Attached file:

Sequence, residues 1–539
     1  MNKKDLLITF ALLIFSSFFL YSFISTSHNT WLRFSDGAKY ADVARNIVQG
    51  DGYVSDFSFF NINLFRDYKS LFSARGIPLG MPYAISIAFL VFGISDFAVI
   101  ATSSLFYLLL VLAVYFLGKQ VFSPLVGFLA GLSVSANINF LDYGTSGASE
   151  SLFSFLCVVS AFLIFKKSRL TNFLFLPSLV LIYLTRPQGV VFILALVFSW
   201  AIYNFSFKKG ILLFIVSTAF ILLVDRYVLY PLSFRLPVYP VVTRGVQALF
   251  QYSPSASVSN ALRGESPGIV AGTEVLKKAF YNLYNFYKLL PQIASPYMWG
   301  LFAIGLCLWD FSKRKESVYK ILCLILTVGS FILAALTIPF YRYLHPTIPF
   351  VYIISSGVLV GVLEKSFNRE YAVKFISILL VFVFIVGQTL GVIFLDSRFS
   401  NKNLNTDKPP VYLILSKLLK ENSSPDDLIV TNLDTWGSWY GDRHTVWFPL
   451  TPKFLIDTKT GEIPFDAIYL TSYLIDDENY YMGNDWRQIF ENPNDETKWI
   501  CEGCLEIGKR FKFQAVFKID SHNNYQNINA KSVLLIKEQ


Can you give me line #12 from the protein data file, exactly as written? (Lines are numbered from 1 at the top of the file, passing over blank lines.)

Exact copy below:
   501  CEGCLEIGKR FKFQAVFKID SHNNYQNINA KSVLLIKEQ